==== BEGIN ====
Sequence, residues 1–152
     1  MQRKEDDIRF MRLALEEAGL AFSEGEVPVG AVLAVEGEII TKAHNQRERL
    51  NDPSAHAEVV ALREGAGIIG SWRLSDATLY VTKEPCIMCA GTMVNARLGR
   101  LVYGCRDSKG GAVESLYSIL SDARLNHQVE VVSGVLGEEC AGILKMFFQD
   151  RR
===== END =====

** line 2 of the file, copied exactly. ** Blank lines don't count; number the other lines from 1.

     1  MQRKEDDIRF MRLALEEAGL AFSEGEVPVG AVLAVEGEII TKAHNQRERL